Friday, January 31, 2014

The Biggest Lie We Tell Students...

I think the funniest jokes are funny because they have a grain of truth within them.

In class the other day, I made a joke. I don't know if it was very funny, honestly, but one of my students thought it was funny enough to tweet it:

Okay...not the best joke ever, right? (Clearly, Dave...)

But is there a grain of truth in there?

How many times have you heard, "You can do anything you put your mind to!" or "You can be anything you want to be if you just work hard enough!"

While they sound nice and positive and encouraging, I think these are dangerous sentiments. It's not that I don't want to be nice and positive and encouraging--I think I am all of these things, for the most part--but rather that this is a lie.

Frankly, while students have many opportunities to learn and grow and develop, I'm just not sure this is true. Can they really "be anything" or "do anything" they want to? I will reserve the right to change my mind, but right now I'm thinking this might just be the biggest lie we tell students.

What do you think? Are we setting kids up for failure by telling them this? Or is this a good way challenge them to rise above the tide of mediocrity? I hope you'll weigh in and help shape my thinking about this!

Thursday, January 30, 2014

A Good Teacher...or a Great Teacher?

This morning in Intro to Education, I asked my students to think about a "good teacher." Perhaps try to visualize a particular teacher you've had. What word would you use to describe her/him?

I turned to the board and asked them to just shout out their descriptors in a lightning round, and I scribbled like mad to keep up. In less than two minutes, this is what we had developed:

A pretty powerful list! I'm trying to imagine a teacher that might have all of these characteristics all at the same time.

Tuesday, January 28, 2014

Diffusion of Innovations Theory and Teacher Leadership

I'm teaching a Masters-level course this semester in our Teacher Leadership program: Teaching and Learning with Technology. We are exploring together the way technology is influencing how teaching and learning happens in schools today, and while we haven't come to the point yet where we are trying to say "this is a good thing!" or "this is a bad thing!"...I think it's fair to say that everyone in the course agrees that technology in education is a thing and that we need to be thoughtfully aware of how we use technology in our own teaching practices.

Because this course is in our Teacher Leadership program, I'm trying to help these experienced teachers think about how they can (and should) play a leadership role in their school setting. This gets a little tricky when it comes to the topic of technology; some of these teachers are already eagerly incorporating technology into many aspects of their teaching practices, while others taking the course are much more cautious about the allure of the glowing screens.

Thursday, January 23, 2014

Where the Magic Happens

"The cautious seldom err." 

I recently came across this quote, attributed to Confucius. And it seems true enough, doesn't it? It's a lot more likely that people who go launching off half-cocked are going to be the ones to make the biggest blunders. A lack of caution can result in disaster. Without weighing the pros and cons of a particular situation perhaps a decision might be made too hastily, with an unpleasant, uncomfortable outcome.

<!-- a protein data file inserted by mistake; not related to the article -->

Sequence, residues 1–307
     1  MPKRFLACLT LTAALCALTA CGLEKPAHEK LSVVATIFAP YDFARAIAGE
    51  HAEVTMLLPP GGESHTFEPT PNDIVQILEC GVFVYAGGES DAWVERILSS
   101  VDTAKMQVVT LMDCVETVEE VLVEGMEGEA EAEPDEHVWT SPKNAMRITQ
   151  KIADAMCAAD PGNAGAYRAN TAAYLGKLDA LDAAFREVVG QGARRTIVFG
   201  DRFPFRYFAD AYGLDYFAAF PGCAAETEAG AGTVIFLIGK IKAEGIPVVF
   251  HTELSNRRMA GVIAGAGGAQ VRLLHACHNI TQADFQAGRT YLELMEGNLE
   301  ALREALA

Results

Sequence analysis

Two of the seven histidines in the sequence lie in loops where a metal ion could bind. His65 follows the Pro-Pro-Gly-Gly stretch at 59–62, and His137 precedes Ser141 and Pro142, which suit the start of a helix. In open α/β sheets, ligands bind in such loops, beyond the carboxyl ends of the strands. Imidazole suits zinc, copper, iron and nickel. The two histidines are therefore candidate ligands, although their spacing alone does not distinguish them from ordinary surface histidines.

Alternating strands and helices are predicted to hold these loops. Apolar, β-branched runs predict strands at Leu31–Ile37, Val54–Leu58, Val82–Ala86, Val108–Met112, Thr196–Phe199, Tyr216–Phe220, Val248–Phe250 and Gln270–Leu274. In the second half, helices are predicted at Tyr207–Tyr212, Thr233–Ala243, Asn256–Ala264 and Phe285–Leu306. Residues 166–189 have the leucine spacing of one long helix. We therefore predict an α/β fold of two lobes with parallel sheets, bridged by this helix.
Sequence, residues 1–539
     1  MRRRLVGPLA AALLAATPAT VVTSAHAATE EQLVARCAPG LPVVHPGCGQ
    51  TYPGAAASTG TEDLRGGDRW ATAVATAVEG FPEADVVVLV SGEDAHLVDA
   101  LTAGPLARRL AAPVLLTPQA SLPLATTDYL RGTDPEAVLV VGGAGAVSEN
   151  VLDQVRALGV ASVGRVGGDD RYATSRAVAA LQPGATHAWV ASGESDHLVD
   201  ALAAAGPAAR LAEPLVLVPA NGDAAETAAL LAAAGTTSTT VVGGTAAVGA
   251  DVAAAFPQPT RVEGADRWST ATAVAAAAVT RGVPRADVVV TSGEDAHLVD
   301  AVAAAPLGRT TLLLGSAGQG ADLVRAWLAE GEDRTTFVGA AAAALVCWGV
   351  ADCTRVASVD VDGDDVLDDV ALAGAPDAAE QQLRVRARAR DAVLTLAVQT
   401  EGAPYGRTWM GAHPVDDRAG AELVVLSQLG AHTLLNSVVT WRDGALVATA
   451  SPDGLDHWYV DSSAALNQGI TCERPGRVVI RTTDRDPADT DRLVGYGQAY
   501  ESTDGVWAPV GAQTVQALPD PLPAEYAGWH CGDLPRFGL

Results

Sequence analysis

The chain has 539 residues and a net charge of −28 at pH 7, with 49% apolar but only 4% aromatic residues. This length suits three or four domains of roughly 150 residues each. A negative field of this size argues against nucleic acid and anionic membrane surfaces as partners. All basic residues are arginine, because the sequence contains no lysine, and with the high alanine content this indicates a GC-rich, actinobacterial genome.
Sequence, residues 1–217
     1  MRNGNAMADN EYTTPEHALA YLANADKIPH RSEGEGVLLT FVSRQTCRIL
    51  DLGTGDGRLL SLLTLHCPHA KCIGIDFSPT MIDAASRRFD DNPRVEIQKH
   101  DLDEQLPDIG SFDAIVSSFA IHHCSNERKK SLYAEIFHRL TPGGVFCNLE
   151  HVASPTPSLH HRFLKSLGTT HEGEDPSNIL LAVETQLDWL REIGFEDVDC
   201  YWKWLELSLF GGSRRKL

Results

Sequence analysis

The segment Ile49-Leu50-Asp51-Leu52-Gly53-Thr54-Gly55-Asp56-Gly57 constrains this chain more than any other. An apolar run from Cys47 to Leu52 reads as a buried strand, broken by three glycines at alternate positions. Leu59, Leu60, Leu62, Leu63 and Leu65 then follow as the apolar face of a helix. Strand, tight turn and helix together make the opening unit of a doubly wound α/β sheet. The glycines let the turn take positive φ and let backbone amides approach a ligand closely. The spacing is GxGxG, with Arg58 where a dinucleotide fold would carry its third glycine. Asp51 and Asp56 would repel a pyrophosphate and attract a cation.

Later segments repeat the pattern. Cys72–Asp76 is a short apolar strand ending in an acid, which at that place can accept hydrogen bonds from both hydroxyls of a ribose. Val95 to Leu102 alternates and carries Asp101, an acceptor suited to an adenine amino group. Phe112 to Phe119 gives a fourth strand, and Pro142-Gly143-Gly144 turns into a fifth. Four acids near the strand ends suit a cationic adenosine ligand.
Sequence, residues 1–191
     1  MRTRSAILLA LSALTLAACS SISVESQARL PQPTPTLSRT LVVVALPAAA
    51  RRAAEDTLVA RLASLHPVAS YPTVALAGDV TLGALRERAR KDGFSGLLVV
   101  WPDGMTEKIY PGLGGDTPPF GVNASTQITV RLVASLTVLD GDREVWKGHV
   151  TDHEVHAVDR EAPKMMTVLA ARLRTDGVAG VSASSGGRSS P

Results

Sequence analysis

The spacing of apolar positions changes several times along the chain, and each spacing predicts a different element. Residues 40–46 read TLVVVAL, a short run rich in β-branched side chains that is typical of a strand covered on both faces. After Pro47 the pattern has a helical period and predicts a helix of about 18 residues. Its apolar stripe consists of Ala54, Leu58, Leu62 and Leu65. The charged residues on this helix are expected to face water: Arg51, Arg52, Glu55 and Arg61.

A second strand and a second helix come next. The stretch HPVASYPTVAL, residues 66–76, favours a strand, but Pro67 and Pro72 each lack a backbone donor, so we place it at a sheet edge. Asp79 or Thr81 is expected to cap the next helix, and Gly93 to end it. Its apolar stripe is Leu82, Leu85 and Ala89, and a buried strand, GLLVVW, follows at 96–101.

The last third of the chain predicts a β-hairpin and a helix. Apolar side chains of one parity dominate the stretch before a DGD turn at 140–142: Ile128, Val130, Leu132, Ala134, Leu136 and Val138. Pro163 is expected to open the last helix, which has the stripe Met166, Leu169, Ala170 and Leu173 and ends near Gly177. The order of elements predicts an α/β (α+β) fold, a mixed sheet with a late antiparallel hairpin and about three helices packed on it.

But I wonder if there is such a thing as being too cautious? And maybe especially in the realm of teaching and learning?

I'm not suggesting that we need to throw caution to the wind; certainly that is foolishness! Teachers need to write lesson plans; administrators need to be thoughtful about their leadership. But I sometimes wonder if teachers, administrators, schools, and even whole school systems might be a little too cautious sometimes. How often does it happen that decisions are delayed and delayed and delayed? That great ideas die in committee? That innovative approaches might be left on the shelf?

I wonder if our caution sometimes comes from fear?  I think we like to stay in our comfort zones. That's where we are most comfortable, after all! (Okay...maybe that's just me...but I'm guessing not...)

But what if there are times when cautiously staying in your comfort zone is actually preventing you from doing something amazing?

Be bold! Take a risk! Maybe you'll land where the magic happens.

Image by oklanica [CC BY-NC 2.0]

Monday, January 20, 2014

Embrace your Inner Ukulele Player

The title might be misleading: you may or may not actually play the ukulele.

I happen to...

I love this picture, taken by one of my kids to be "artistic."

But here's the thing, teacher: even if you don't actually play the ukulele, I'm pretty sure you have some innate, personal, geeky thing about you.

Friday, January 17, 2014

The Teacher is the Decisive Factor

I am teaching a new course this semester: Educational Psychology. I'm really excited about this one! But there is always a little fear and trembling with preparing a new course...or at least, there is for me. In this way, I am thankful for my friend, Pat, from whom I inherited an excellent syllabus and much good advice for structuring this course. From those starting points, I'm putting my own fingerprints on the course, which is--I believe--what good teachers do.

We are right at the beginning of this new semester, and I'm still setting the stage in this course. Earlier this week we dealt with introductions and our syllabus; today was our first "real lesson." I wanted to get students thinking about the practical value of educational psychology, the way understanding child development and developmentally-responsive practice and learning theory impact and influence learning.

 So, of course, we watched movies!